It’s been a busy year politically; what with the referendum and Brexit, changes in party leadership, and the continuous questions about when we trigger Article 50. All this leading to endless speculation about what will or will not happen to UK PLC – how will it affect business, trade, commerce and the supply and movement of labour? Lots of unknowns.
Amidst all of these unknowns, the government has stood firm, however, with its continued commitment to introduce the apprenticeship levy in April 2017. It hasn’t made much noise about it – well, there’s been so much else going on. Even with a new skills minister and a shift in responsibility for apprenticeships from the Department of Business, Innovation & Skills (BIS) to the Department for Education (DfE) – it’s still going ahead. Announced in the summer of 2015, and despite words of warning from employer sector bodies and the CBI that it’s too soon and will wipe out the profits for some businesses, it’s still happening. May and her cabinet are sticking with their plans. April it is then.
During my 20 plus years working in the world of skills and workforce development, I’ve seen governments taking very different approaches to skilling the workforce with varying levels of carrot and stick; with initiatives that simply threw money at the problem, to co-investment and the more recent ‘employer ownership’ philosophy which basically means that businesses are expected to pay; not the public purse. The carrot has gone. It’s basically all stick now.
So how does this affect the facilities management (FM) sector? Well, given that FM service providers are by far some of the largest employers in the UK, there’s no doubt that the apprenticeship levy is going to have an impact; and at 0.5 per cent of their annual salary bill taken at source by HMRC it won’t be an insignificant amount either. Ouch!
I’ve spoken to lots of L&D managers recently and it’s fair to say that views range from “well it’s just a tax, the money’s gone” to “we’re just outsourcing all our levy spend to one provider” and those looking more under pressure have been told to “manage it all internally”. There’s also a general resignation to the fact that it’s just something else to deal with. I’m sure not the optimistic response government might have envisaged when it made the policy announcement.
As my time leading the Building Futures Group – which was the trade association for the FM sector – we fought hard to address its key challenges. FM has an image problem; it isn’t recognised by government as a key sector; young people are not attracted to FM; margins are too low for the service providers to really invest in skills.
Yet the reality is also that those that do work in the sector are passionate about it, there are great roles to be had, opportunities to progress and work in some amazing places. Most people fall into it by accident, but they seem to stay and are by far its biggest advocates.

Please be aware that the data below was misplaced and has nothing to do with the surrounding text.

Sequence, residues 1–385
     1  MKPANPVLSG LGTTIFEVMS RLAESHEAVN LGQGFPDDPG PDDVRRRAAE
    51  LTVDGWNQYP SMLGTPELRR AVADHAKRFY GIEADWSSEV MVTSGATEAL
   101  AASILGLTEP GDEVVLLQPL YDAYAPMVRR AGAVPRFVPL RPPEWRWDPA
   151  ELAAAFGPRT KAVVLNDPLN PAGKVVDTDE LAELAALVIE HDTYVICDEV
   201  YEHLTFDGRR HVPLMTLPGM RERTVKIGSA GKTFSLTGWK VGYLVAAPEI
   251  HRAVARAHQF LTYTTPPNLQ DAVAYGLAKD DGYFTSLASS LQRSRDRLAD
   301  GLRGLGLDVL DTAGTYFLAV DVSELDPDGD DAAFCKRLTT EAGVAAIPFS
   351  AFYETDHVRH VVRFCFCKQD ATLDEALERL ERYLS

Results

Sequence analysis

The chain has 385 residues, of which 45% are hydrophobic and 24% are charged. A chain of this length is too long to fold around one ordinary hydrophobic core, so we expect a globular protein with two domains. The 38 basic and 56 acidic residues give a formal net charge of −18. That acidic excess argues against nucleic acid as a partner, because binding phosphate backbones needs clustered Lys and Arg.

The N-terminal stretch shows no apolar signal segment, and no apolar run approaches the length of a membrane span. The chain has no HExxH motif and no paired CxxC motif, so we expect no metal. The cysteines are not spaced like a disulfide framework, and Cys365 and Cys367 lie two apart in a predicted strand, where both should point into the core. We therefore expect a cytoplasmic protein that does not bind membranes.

So with an introduction of a compulsory levy, maybe we have an opportunity for FM businesses to take a step back; review their approach to recruitment and workforce development and address those issues that have held the sector back for far too long. Other sectors that have suffered from similar problems have taken huge strides to address them by taking a new approach to skills, progression and recruitment – take the logistics sector for example, and maybe we can learn from this.
Sure, the levy is only one component of a broader talent and workforce development piece, but if it’s the lever that triggers a change then I support it. Let’s start to look at how apprentices can truly be seen as an equivalent to our graduates; let’s understand what it takes to support our apprentices in their role so they become the FM advocates of the future; promoting the sector, encouraging others to join.
FM companies do already invest a great deal in skills; let’s use the levy creatively, to ensure the sector is getting the skilled workforce it needs. Employers remember, you are in the driving seat now. Its your money. It can only be accessed by providers when you’ve agreed a price and quality of provision that you’re happy with.
Together we can grasp this chance, engage and work it to your advantage. Let’s see the perception of FM change and let’s see our people and businesses thrive by doing so.
Sarah Bentley is joint founder and director of Spaghetti Junction, and an independent training advisor.
T: 07933 412311
Sarah is a business support, enterprise and skills policy professional. Specialising in the facilities management sector, Sarah is passionate about helping businesses and their employees get the best from each-other through access to, implementation and utilisation of skills in the workplace. Sarah is co-founder of Spaghetti Junction and FMCentral and owner of Upkeep Training.